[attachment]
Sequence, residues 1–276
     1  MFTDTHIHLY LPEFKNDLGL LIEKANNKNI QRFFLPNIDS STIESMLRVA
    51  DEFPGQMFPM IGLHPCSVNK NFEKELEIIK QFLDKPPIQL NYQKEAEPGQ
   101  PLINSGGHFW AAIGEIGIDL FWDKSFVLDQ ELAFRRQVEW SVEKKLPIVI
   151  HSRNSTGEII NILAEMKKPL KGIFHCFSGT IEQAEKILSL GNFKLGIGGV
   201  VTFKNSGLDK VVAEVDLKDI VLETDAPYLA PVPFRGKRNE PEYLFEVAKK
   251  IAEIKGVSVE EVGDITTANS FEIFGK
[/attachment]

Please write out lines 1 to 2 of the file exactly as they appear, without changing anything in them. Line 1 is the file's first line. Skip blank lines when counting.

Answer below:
Sequence, residues 1–276
     1  MFTDTHIHLY LPEFKNDLGL LIEKANNKNI QRFFLPNIDS STIESMLRVA